How to Identify the Latissimus Dorsi Muscle:
The latissimus dorsi muscle is a huge, triangularly shaped back muscle that helps you do things like pull ups, swimming and even breathing. The lats are superfiscially located, which means they are clearly visible (when the skin is removed). In other words, you don't have to dissect away layers of muscles to locate the lats. And lucky for we non-medical personnel, (in people with well-developed back muscles in particular) you don't absolutely have to remove the skin to notice the lats; you can identify this important back muscle by its shape.
The latissimus dorsi muscle is often called the "lats" for short.
Origin and Insertion of the Lats - Exactly Where the Lats Are Located:
The two ends of a muscle attach the body, usually, but not always, to bone. These places of attachment are known as the origin and insertion of a muscle. When it comes to the lats, the origin is complicated, but the insertion is simple.
The lats muscle originates on top from the bottom six thoracic vertebrae and the last three or four ribs. Part of the origin also includes the thoracolumbar fascia at the level of the lumbar and sacral vertebrae, as well as the back one third of the outside part of the top of your hip bone. And finally, the origin of the lats includes just a tiny little bit of the bottom angle of your shoulder blade.
As the muscle fibers of the lats extend from the origin to the insertion point (the insertion for the lats is located on the inner aspect of your upper arm bone, just below the shoulder joint) they taper into a point. In this way (from a wide origin to a pin pointed insertion), the muscle forms a triangular-like shape.
What the Latissiumus Dorsi Muscle Does for You:
Strong "lats" help you use your arms to pull your body weight up. Good examples of activities that use the lats extensively include doing chin ups, rock climbing and swimming.
The lats also assist with the breathing process. They are called an "accessory breathing muscle," which means they enhance the movements of the trunk during inhale and exhale. They do this by lifting (expanding) the circumference of the rib cage when you inhale, which may increase the volume of air that enters your lungs. During exhale, the latissimus dorsi muscle helps decrease the circumference of the trunk, which may have the effect of squeezing more air out.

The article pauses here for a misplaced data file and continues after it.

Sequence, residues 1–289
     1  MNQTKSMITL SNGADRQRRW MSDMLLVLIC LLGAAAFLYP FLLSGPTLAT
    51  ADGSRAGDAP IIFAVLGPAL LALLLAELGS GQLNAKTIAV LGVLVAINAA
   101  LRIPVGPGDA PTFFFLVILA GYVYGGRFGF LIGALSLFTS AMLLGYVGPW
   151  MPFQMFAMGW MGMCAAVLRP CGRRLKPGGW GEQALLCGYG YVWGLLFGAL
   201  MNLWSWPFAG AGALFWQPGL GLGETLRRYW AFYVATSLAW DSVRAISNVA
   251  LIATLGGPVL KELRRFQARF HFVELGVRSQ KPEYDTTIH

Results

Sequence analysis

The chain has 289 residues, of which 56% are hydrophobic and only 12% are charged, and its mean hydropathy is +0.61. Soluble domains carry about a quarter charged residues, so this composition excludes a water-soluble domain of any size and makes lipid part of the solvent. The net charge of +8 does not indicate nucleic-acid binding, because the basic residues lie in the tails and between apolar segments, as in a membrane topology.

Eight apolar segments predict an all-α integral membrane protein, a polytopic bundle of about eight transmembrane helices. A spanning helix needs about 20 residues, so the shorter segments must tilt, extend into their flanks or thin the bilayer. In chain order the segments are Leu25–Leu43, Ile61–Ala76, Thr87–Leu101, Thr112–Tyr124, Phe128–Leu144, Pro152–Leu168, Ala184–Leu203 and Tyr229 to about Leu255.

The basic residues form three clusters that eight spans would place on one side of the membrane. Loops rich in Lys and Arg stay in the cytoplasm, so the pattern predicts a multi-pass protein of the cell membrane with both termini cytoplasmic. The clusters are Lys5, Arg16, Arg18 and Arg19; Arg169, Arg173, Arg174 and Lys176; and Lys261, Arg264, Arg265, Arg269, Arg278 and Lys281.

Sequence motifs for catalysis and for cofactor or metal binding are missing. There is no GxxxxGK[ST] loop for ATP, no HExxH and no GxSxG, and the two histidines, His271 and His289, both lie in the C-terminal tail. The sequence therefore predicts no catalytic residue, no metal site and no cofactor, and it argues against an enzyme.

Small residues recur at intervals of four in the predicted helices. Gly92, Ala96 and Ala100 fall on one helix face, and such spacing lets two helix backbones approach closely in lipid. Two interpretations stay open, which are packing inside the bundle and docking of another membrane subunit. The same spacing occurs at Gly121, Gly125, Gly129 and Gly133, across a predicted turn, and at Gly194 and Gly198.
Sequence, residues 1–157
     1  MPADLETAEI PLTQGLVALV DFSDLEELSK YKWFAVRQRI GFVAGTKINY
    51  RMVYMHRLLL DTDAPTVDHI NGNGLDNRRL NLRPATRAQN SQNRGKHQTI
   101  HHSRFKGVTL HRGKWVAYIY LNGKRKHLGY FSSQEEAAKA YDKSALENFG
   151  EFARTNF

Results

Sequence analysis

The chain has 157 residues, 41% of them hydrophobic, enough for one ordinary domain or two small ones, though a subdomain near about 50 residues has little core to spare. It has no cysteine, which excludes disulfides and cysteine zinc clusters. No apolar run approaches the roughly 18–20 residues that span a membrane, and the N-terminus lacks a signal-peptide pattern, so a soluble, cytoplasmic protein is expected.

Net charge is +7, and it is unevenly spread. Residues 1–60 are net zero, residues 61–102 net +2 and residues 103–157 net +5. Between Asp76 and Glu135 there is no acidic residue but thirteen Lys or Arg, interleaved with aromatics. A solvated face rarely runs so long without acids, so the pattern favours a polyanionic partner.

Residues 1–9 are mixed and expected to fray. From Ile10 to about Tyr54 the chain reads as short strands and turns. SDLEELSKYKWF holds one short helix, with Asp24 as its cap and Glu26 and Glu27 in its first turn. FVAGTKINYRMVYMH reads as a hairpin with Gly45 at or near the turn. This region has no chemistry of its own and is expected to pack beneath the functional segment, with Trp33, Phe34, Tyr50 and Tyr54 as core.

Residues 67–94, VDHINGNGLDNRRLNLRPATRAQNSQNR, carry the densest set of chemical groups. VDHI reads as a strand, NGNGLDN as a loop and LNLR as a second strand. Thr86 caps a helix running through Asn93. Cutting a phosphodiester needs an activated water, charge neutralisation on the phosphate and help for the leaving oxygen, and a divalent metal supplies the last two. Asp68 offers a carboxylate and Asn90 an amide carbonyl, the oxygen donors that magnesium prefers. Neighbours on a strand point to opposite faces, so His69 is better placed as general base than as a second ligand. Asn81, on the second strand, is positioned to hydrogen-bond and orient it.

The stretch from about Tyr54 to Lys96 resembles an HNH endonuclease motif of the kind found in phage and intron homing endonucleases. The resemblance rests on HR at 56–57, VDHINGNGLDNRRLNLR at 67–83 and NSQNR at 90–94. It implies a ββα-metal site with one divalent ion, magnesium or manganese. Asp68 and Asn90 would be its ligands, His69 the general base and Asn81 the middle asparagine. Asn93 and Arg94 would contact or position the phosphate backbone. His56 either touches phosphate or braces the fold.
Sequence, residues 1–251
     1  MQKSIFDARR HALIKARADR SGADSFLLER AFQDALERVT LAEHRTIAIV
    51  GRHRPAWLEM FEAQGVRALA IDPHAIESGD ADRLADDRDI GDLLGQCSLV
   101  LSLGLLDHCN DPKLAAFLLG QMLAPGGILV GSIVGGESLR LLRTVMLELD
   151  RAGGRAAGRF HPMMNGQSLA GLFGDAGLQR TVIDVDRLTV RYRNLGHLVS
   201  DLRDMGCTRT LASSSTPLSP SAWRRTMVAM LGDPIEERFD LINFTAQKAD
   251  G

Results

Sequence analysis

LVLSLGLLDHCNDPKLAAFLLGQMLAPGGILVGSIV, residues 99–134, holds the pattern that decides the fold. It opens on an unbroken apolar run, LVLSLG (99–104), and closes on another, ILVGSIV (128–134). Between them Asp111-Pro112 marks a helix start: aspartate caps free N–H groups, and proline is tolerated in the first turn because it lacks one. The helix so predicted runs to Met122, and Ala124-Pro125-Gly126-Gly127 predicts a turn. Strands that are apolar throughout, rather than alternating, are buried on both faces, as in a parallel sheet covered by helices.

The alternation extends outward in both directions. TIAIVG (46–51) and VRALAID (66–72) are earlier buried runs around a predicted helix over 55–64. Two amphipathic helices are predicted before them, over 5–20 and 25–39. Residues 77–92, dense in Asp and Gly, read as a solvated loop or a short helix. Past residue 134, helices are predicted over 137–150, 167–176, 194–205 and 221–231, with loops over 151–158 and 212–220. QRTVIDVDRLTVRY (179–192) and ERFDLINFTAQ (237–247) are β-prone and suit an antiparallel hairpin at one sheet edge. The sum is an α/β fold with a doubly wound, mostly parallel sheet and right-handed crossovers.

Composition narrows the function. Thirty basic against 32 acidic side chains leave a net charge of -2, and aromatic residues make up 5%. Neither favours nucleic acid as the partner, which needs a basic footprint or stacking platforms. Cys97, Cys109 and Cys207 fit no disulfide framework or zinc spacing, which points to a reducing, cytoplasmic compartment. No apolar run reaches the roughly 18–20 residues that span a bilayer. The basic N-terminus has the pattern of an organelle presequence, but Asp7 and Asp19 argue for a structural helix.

With your trunk stationary, the lats turn your arm in, they bring it closer to the mid line of your body and they extend your shoulder joint back (essentially the same as bringing your arm back). They can do these movements separately or in combination with one another.
Other things the latisimus dorsi does is to bring the whole shoulder girdle down (called depression), as well as assist in the act of side bending (called lateral flexion). When both lats are working at the same time they assist with arching the spine (called hyperextension) and with tilting the pelvis anteriorly.
What Happens When Your Lats Muscles Are Weak or Tight:
A weak lats muscle may interfere with bringing your arm toward your body or your body toward your arm. Weakness may also interrupt your ability to laterally flex your trunk.
If your lats are tight or short, it will be hard to take your arm up in front of you, or out to the side. A short latissimus dorsi muscle tends to keep your shoulder girdle down and forward.
If you have a scoliosis (C curve), one side of your lats muscle will likely be tighter than the other. If you have a kyphosis, the front part of your lats will likely be tight.
Kendall, Florence Peterson, McCreary, Elizabeth Kendall, and Provance, Patricia Geise. Muscles Testing and Function with Posture and Pain. 3rd. Baltimore, Maryland: Williams & Wilkins, 1983.
Latissimus Dorsi. GP Notebook website. www.gpnotebook.co.uk/ Accessed April 2 2012.